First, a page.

Take the 2-minute tour ×
Stack Overflow is a question and answer site for professional and enthusiast programmers. It's 100% free, no registration required.

I don't know why, but the dict at the end of this function won't print fully. It will only print up to four keys+values and they're only the first four. Curiously, the 3rd and 4th come out in opposite spots.

genelist = ['ABC', 'abc', 'Abc', 'aBC', 'ABc', 'abC', 'AbC', 'aBc']

def recombAB(x):

    rec_total = 0
    primlistAB = []
    for item in x:
        split = list(item)
        del split[2]
        primlistAB = primlistAB + split

    listAB = [primlistAB[0] + primlistAB[1], primlistAB[2] + primlistAB[3], primlistAB[4] + primlistAB[5], primlistAB[6] + primlistAB[7], primlistAB[8] + primlistAB[9], primlistAB[10] + primlistAB[11], primlistAB[12] + primlistAB[13], primlistAB[14] + primlistAB[15]]


    dictAB = {listAB[0] : freq1, listAB[1] : freq2, listAB[2] : freq3, listAB[3] : freq4, listAB[4] : freq5, listAB[5] : freq6, listAB[6] : freq7, listAB[7] : freq8}



This gives me listAB = ['AB', 'ab', 'Ab', 'aB', 'AB', 'ab', 'Ab', 'aB']

And dictAB = {'AB': 9, 'ab': 9, 'aB': 1, 'Ab': 1}

When what I'm looking for is {'AB':479, 'ab':473, 'Ab':15, 'aB':13, 'AB':9, 'ab':9, 'Ab':1, 'aB': 1 }

Any help would be much appreciated, thanks.

share|improve this question
I suspect your dictionary is printing correctly, and you've given it duplicate keys. (Also, that you refer to "opposite spots" makes it sound like you think dictionaries are ordered.) Could you modify your code to be a self-contained example or at least show us what print(listAB) and print(dictAB) return? –  DSM Nov 4 '12 at 16:30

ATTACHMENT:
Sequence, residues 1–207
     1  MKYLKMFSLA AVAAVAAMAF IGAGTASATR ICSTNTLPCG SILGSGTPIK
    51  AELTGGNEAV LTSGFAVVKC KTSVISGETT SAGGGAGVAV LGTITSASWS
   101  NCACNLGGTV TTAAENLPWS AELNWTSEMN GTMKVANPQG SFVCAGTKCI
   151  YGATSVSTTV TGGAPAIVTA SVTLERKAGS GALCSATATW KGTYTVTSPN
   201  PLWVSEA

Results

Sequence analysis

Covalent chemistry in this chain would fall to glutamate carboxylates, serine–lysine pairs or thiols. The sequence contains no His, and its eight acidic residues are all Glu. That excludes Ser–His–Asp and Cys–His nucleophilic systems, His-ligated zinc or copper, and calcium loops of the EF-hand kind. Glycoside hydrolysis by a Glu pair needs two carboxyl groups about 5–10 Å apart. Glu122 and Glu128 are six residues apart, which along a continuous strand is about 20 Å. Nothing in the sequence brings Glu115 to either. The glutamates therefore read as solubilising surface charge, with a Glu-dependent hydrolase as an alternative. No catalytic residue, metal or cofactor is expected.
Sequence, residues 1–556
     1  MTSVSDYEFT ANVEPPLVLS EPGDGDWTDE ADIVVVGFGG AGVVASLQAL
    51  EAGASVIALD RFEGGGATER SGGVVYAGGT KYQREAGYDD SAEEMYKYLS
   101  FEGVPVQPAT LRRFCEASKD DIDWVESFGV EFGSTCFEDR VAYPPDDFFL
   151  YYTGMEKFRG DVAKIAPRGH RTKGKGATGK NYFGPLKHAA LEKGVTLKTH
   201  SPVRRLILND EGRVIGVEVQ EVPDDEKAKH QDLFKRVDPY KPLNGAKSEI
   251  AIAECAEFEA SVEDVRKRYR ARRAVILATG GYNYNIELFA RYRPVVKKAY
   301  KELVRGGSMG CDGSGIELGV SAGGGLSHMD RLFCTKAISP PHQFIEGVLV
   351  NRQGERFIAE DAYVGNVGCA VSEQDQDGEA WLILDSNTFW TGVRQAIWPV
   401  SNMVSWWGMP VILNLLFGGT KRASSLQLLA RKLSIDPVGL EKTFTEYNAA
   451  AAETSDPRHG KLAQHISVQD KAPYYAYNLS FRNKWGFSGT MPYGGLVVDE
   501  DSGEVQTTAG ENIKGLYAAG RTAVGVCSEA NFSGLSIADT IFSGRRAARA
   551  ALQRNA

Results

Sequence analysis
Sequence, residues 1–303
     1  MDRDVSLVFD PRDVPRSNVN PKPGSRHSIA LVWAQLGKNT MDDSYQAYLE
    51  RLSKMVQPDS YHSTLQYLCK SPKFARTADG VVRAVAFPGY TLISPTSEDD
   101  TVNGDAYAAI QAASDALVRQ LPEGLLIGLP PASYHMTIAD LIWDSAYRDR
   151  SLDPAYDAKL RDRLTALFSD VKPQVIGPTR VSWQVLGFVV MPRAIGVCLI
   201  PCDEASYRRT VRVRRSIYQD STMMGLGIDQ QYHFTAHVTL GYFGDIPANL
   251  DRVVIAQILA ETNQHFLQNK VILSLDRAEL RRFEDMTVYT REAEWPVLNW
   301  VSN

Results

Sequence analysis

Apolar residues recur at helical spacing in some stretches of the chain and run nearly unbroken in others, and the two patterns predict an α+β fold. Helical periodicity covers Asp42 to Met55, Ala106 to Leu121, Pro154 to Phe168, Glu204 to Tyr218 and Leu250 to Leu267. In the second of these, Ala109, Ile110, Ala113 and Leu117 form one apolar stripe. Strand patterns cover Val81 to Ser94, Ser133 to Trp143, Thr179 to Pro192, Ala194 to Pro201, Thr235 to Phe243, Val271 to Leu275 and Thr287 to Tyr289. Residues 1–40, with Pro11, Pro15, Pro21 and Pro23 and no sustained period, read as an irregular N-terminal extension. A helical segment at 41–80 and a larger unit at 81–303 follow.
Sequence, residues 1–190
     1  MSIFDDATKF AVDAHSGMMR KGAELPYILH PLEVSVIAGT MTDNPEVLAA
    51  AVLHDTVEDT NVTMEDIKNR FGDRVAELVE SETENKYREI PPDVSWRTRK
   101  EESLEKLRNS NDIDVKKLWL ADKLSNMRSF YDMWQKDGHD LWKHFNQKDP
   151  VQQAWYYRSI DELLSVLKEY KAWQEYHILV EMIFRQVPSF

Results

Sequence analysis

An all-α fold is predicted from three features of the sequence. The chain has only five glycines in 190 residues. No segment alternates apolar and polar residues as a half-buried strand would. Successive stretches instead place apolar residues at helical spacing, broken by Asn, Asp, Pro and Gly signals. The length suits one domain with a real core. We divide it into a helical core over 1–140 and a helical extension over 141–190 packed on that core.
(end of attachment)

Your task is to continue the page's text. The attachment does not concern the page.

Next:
In editing what I had for you, I realized that it is because there are repeats. Is there any way to keep all of the values and assignments even for repeats? Also, I didn't realize dictionaries were unordered; I'm brand new to this... –  spikey273 Nov 4 '12 at 16:49

1 Answer 1

up vote 1 down vote accepted

When I run your code partly, by calling the function with genelist as its parameter, I get the following output for listAB:

['AB', 'ab', 'Ab', 'aB', 'AB', 'ab', 'Ab', 'aB']

If you look closely, you have duplicate values in there, and essentially just 4 different values.

So when you build your dictionary, you assign multiple values to the same keys, overwriting the previous value.

When what I'm looking for is {'AB':479, 'ab':473, 'Ab':15, 'aB':13, 'AB':9, 'ab':9, 'Ab':1, 'aB': 1 }

A dictionary is a 1-to-1 map from a key to a value. This means that every key uniquely identifies a single element in the dictionary. But in your desired dictionary output, you would have single keys mapping to multiple different values (e.g. AB to 479 and 9). This is not possible.

If you don’t need the map-property but just want to store pairs of values, you could use a list of tuples instead:

[('AB', 479), ('ab', 473), ('Ab', 15), ('aB', 13), ('AB', 9), ('ab', 9), ('Ab', 1), ('aB', 1)]

Or if you actually need to be able to lookup values from their “key”, you could make a multi-value dictionary by just mapping to a list of values:

{'AB': [479, 9], 'ab': [473, 9], 'Ab': [15, 1], 'aB': [13, 1]}
share|improve this answer
In editing my question up there for DSM, I realized that is the problem. Is there a way to print out every value separately, even if they're repeats? –  spikey273 Nov 4 '12 at 16:48
Awesome. Thanks for your help –  spikey273 Nov 4 '12 at 16:54
You’re welcome! Please remember to upvote helpful answers, and accept the one that solved your problem—this also applies to the other questions you asked. See also the FAQ. –  poke Nov 4 '12 at 16:59

Your Answer


By posting your answer, you agree to the privacy policy and terms of service.

Not the answer you're looking for? Browse other questions tagged or ask your own question.